Women literacy has led to lower birth rate as well as lower infant mortality rate. For example, in Kerala, having cent percent literacy, the birth rate is much lower than UP, Bihar or Rajasthan, where the literacy rate is lower, and the population of agrarian community and poor people is increasing unchecked. They suffer from illiteracy, superstitions, desire of male child, high mortality rate among children, or lack of awareness. They do not consider children as a problem, but an asset and insurance for old age.

It is observed that over decades population of SCs, STs and OBCs has been continuously growing. There appears to be no reason for them to control their population. The protective policies, preferences and allowances under various Welfare Schemes seem to work as incentive for not adopting  family planning measures. Rather they are encouraged to increase their numerical strength for increasing their influence and role in electoral politics.

According to 1991 Census, while the total population in the country, excluding Assam and J&K, grew by 23.79%, it was 30.90% in the case of SC, 25.67% in the case of ST and 22.11% in the case of non-SCT.

Region-wise, highest growth rate has been recorded by SC population in Andhra Pradesh, Madhya Pradesh, Maharashtra, Manipur, Meghalaya Mizoram, Orissa and W Bengal. This is followed by ST, followed by Non SC/ST population. In Gujarat, Rajasthan, Tripura, Dadar and Nagar Haveli, ST population followed by SC, followed by NON SC/ST population has recorded highest growth rate. In Goa, Himachal Pradesh, Karnataka, Sikkim, Tamil Nadu and Daman and Diu, the growth rate is highest among SC population, followed by Non SC/ST, followed by ST population. In Kerala, highest growth rate is among ST population followed by Non SC/ST and then SC population. In Arunachal Pradesh, Bihar and UP the growth rate is highest among Non SC/ST followed by SC and then ST population. The Non – SC/ST growth rate in most populous states like UP and Bihar appears to be mainly due to rapid rise in the population of OBC people.

Though, as per government’s census policy, no published data is available about Backward Class’s population growth, the 1951 Census authorities gave to the First Backward Class Commission, two sets of figures in respect of Backward class population. These were 678.39 lakhs (18.9%) and the other estimated at 20.5% of the total population. In 1956, the Commission raised it to 1135.10 lakhs (31.8%). The Mandal Commission, in 1980, further raised it to 52%. The increase in its number is both due to inclusion of additional castes in the backward list as also due to increase in the birth rate among them. The unbalanced growth is more pronounced in the case of Muslims. The 1991 census reports an increase from 11% in 1951 to 13% in 1990, in respect of Muslim population.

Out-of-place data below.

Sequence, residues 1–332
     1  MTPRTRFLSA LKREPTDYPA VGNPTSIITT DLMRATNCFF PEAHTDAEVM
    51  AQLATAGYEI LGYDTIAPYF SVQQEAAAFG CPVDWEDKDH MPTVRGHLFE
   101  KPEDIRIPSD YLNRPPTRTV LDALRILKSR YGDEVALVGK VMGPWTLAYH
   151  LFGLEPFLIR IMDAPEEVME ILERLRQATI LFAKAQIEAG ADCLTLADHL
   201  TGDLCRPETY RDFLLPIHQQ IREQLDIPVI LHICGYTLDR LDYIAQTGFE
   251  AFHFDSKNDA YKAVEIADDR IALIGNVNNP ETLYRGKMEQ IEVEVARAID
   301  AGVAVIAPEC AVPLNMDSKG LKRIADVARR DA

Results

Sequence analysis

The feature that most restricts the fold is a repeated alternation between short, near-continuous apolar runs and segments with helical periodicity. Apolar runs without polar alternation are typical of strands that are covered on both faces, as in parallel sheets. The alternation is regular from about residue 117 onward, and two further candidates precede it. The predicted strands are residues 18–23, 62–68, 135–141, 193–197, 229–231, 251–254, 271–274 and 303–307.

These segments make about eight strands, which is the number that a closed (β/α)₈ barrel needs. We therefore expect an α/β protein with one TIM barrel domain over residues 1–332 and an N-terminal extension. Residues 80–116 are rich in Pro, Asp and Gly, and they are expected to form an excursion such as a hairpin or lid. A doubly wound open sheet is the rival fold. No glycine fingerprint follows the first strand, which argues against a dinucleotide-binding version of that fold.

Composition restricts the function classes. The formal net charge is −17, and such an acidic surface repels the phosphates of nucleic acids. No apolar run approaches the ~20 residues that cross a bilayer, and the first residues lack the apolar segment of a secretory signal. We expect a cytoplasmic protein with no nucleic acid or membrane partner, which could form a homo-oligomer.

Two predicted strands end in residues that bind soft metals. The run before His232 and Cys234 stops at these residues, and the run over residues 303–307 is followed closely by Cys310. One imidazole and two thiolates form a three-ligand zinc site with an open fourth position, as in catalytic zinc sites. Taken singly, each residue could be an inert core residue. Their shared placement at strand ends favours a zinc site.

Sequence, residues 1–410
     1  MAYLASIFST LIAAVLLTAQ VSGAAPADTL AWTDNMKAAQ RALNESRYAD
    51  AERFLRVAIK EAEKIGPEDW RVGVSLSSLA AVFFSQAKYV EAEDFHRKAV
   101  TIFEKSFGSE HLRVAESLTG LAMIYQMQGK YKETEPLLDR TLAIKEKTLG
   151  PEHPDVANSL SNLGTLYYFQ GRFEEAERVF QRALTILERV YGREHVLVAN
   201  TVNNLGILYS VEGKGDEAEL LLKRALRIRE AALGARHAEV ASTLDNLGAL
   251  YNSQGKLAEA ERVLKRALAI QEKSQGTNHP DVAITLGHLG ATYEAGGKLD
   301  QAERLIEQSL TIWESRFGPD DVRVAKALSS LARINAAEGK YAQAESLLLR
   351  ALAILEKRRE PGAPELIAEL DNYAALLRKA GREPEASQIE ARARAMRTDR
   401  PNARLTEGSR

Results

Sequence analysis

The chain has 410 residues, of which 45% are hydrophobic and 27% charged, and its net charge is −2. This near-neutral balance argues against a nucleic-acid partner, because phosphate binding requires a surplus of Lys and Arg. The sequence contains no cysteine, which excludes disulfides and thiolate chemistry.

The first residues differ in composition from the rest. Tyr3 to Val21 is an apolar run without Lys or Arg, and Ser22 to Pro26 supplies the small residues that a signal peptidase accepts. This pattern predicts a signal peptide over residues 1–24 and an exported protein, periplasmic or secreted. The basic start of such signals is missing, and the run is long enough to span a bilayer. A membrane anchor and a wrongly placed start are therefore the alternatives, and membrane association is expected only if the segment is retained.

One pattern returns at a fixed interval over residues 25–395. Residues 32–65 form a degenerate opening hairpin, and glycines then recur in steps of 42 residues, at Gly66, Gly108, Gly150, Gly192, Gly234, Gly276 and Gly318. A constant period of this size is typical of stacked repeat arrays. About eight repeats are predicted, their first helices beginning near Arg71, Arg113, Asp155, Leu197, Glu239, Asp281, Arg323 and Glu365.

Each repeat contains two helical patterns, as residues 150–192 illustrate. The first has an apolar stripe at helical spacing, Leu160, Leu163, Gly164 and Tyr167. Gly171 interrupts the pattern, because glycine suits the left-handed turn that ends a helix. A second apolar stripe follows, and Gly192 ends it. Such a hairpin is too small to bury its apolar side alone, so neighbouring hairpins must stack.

The growth of Muslims is higher than any other religious group. The recorded growth in Muslim population shows an increase of 32.78% as against 22.78% in the Hindu population. This increase is again due to increase in birth rate as well as migration.

Though percent-wise, unbalanced growth of various sections does not seem much percentwise, but in absolute number, it is alarming. Tough competition between different sections for growth has created a gulf between different sections of society, each one pursuing its sectional interests. It gives rise to new equations in power echelons. The wider the gulf, larger the problem for the Government The welfare schemes for such a large population puts an extra economic burden on government.

The problem can not be sorted out by coercive methods. Literacy helps in bringing down fertility substantially among all the sections. People especially poor and marginalized should be encouraged to have a small but happy and healthy family by choice. Attention needs to be paid the problems like high numbers of maternal and infant deaths, by improving the quality of health services, meeting un-met needs of family planning services and linking population programmes with reasonable incentives as well as disincentives for having a large family.

May 12, 2019 - Posted by | Uncategorized